It wasn’t until a few weeks ago, when a certain elderly woman meandered through a talk centred on the title of today’s column, that I started wondering if there is such a thing as a Malawian woman.
It wasn’t a completely strange concept, because since my birth some decades ago, I have witnessed thousands of attempts to spell out universal characteristsics of a Malawian woman—meaning, perhaps, a female born and raised in Malawi?
You could see parents and other relatives making efforts to instill culturally inspired feminine or masculine morals and values in children and so did teachers, the church and the various communities the children grew up in.
There is no running away from socialisation; it greatly shapes people’s thinking, beliefs, lifestyles, and perhaps that woman’s presentation on what she believes make up a Malawian woman.
Her short speech to fellow women that afternoon looked at two characteristics that zeroed in on what a typical admirable Malawian woman ought to do.
She spoke of a woman who knows how to “properly” put on a wrapper (chitenje) and head-gear (mpango) when going to a funeral. She further described as unMalawian the tendency of some women who tend to show off weaves or cleavages at funerals. How, she asked, can one comfort the bereaved with their breasts spilling out of a blouse?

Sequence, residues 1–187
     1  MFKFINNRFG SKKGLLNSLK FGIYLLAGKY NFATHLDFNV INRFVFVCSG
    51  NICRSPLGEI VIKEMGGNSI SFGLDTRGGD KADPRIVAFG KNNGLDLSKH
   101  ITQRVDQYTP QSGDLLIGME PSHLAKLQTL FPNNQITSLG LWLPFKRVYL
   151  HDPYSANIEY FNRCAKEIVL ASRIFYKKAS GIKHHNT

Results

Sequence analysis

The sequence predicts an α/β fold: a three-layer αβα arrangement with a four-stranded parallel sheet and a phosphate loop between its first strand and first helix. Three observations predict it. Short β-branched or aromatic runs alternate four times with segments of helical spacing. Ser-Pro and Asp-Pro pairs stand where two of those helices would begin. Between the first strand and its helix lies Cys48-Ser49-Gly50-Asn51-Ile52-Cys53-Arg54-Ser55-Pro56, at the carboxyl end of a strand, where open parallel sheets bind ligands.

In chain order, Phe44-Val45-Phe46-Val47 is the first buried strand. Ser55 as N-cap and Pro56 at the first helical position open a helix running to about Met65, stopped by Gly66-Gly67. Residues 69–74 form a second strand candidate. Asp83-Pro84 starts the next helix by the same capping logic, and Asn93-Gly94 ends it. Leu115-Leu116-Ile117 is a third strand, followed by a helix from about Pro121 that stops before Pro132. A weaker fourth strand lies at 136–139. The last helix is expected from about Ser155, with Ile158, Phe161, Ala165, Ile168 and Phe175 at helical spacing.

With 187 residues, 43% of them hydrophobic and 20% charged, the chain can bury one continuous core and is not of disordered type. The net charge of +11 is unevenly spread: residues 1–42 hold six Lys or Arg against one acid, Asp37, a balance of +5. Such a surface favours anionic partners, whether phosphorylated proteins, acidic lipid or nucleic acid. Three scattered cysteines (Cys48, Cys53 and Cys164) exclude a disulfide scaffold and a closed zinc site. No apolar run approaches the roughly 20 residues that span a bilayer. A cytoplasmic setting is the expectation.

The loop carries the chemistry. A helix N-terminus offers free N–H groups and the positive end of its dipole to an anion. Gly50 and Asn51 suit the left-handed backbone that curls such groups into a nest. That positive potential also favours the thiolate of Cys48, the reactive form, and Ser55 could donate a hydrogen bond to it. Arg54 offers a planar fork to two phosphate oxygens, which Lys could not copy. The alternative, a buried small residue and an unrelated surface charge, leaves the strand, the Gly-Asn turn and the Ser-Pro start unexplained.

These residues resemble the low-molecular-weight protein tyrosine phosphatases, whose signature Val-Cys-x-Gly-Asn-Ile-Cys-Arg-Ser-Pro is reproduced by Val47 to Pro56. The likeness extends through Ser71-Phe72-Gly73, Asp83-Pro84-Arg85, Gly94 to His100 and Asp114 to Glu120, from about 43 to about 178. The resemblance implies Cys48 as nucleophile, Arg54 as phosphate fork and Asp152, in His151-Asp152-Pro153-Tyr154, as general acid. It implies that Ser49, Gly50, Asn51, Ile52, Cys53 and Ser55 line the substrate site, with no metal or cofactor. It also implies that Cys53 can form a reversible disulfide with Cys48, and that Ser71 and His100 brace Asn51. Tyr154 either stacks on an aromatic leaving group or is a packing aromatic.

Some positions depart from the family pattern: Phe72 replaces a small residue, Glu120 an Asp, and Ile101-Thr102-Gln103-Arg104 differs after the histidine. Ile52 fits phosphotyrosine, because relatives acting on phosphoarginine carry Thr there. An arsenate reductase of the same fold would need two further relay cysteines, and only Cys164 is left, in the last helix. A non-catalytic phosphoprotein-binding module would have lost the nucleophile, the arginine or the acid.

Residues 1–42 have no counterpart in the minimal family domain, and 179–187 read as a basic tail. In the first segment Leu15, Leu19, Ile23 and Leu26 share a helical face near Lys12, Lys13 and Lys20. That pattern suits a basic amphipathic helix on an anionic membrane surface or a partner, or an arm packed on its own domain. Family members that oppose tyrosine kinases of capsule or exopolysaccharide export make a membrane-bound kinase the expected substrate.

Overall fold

A woman cultured in Malawian, she said, also knows how to make local dishes such as matemba and African cake (zikondamoyo) for her husband or family.
Her short talk left me with more questions than answers.
Should the definition of a Malawian woman border on the nature of funeral attire or how a woman dresses for any other event? If that is the case, how then do we draw universal standards of what is right considering the different social classes in the country and the, therefore, dissimilar lifestyles that emanate from such social strata?
How possible is a definition of Malawian woman if it is to centre on the cooking of what is considered local food when people have different food tastes? Why should a woman whose family enjoys fritters or cakes, strive to bake some chikondamoyo which will not be eaten by anybody in the home and, for that reason, prove to be a waste of resources?
And who defines what is unanimously acceptable for Malawian women? What informs their definition?
While a cultural identification is generally accepted as important for a people , isn’t it too much to narrow down such identification to ineffectual aspects that kill diversity by, for example, limiting people’s food and dressing tastes? How does that classification take care of assortment that comes with the various backgrounds that people have grown up in despite living in the same country?
Is being a Malawian woman something that women in the country should really strive to become? Is it practical to put up universal female traits of Malawian woman and go about preaching them? I wonder.